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Turquoise Coast’s best food & drink

  • Turkey

  • Bucket List Experience

Last updated: 21 March, 2024

Locally grown vegetables, especially the all-star aubergine, are the basis for meze starters; yoghurt and pastry boreks also feature prominently. Lamb and chicken staples, plus more expensive fish dishes, are served with beer and Turkey’s fast-improving wines.

Desserts are sweet and sticky with honey, rosewater and ground nuts – usually sandwiched in between layers of filo pastry to create baklava.

What to try

Turks, with a nod to their nomadic roots, excel at savoury pancakes or gozleme cooked over an open wood fire; they are best accompanied by ayran, a salty yoghurt drink. Pide – the Turkish take on pizza – is another must-try.

No visit to Turkey is complete without a meal accompanied by raki – an aniseed-flavoured spirit, which turns milky when mixed with water.

Also see our round-up of traditional foods you must try in Turkey.

The dining scene

More often than not meals are eaten in outdoor settings, sitting cross-legged at low tables on cushion-strewn wooden platforms, though conventional chairs are common in urban areas.

Some of the best and freshest seasonal country produce is sold along the roads. Look out for honey, vegetables, and oranges picked straight from the groves for on-the-spot juicing.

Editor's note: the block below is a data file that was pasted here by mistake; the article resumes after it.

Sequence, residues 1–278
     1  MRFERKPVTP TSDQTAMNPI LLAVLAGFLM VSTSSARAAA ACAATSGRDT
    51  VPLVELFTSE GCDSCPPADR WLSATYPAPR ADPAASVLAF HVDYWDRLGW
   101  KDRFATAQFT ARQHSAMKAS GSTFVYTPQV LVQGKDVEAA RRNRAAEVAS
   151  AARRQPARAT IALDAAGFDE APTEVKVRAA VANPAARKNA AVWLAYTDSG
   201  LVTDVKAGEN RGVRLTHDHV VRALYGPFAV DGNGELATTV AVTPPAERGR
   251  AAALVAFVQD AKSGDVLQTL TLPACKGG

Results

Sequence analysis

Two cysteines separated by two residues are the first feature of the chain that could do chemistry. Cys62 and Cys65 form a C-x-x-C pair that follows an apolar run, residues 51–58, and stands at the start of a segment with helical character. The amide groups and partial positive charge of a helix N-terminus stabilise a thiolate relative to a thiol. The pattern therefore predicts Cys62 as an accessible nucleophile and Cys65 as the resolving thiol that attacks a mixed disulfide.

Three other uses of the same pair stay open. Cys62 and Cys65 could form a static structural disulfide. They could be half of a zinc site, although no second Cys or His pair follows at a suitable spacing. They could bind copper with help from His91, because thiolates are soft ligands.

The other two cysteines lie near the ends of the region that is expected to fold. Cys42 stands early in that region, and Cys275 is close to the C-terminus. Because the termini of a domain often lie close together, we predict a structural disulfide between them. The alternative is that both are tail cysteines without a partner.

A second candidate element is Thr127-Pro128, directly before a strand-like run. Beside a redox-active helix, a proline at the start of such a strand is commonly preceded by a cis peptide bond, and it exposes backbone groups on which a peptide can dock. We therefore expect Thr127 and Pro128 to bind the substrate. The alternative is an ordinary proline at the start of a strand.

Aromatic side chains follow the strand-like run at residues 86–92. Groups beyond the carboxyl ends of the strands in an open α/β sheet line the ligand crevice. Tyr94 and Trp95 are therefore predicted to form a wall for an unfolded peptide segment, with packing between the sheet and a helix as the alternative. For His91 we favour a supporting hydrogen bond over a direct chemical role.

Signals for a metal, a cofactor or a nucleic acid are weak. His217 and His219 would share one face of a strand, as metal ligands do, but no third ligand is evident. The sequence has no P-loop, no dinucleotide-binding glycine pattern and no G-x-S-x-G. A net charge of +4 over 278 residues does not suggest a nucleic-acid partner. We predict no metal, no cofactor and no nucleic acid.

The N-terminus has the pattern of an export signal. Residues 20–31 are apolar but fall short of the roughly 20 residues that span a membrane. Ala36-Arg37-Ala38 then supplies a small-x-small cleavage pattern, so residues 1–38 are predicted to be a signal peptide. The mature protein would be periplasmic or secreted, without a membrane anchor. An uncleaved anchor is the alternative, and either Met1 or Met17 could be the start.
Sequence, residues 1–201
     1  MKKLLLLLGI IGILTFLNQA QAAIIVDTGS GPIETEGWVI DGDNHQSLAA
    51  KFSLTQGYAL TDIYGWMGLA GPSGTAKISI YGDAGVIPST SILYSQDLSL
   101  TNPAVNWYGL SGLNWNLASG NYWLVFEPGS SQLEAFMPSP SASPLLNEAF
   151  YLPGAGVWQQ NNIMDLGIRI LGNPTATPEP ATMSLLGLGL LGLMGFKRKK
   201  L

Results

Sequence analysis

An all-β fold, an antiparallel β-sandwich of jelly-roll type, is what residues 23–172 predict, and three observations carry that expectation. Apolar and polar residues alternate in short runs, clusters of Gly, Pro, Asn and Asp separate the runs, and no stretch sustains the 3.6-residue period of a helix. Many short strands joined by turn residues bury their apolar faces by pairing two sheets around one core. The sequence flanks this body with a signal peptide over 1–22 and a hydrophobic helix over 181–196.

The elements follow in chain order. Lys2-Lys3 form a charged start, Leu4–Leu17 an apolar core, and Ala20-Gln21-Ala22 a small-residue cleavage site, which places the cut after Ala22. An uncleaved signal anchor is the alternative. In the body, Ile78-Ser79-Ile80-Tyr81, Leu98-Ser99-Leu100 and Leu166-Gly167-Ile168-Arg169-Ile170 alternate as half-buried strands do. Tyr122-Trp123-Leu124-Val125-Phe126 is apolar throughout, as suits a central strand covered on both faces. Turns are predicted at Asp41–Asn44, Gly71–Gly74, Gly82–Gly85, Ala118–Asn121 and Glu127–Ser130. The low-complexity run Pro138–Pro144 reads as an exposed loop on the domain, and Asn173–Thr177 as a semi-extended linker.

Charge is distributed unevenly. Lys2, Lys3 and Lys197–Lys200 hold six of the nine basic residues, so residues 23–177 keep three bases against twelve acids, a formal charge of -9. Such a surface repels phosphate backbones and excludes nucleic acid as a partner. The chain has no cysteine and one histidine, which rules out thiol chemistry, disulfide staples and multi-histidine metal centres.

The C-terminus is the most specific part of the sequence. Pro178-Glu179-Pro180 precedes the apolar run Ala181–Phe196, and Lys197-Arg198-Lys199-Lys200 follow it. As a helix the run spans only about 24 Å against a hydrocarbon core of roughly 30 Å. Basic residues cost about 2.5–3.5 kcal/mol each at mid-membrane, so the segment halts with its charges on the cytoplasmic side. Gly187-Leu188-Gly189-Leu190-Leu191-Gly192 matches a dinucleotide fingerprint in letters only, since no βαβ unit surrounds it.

Be sure to stop by an atmospheric kuruyemis, or dried-goods store – an Aladdin’s cave of spices, pulses, nuts and dried fruit.

Logistics

Price: Free
Minimum age: 0
Age suitable: 13+
When: All year around
Duration: -

Getting there & doing it

Foodies swear by the small resort of Akyaka, famed for its riverside fish restaurants, and Kalkan, where dozens of rooftops have been converted into stylish restaurants.

Bodrum’s chic western waterfront, Neyzen Tevfik Caddesi, is home to the city’s best restaurants. Nearby Turkbuku – Turkey’s St-Tropez – is awash with trendy bars and beach brasseries.

When to do it

Turks believe in breakfast, whether a quick simit pogaca – a breakfast bun, filled with feta, olives and herbs – or menemen – eggs cooked with tomatoes and peppers.

Dinner is usually taken later in the evening – rarely before 8.30. Most people eating in restaurants before this time will be tourists.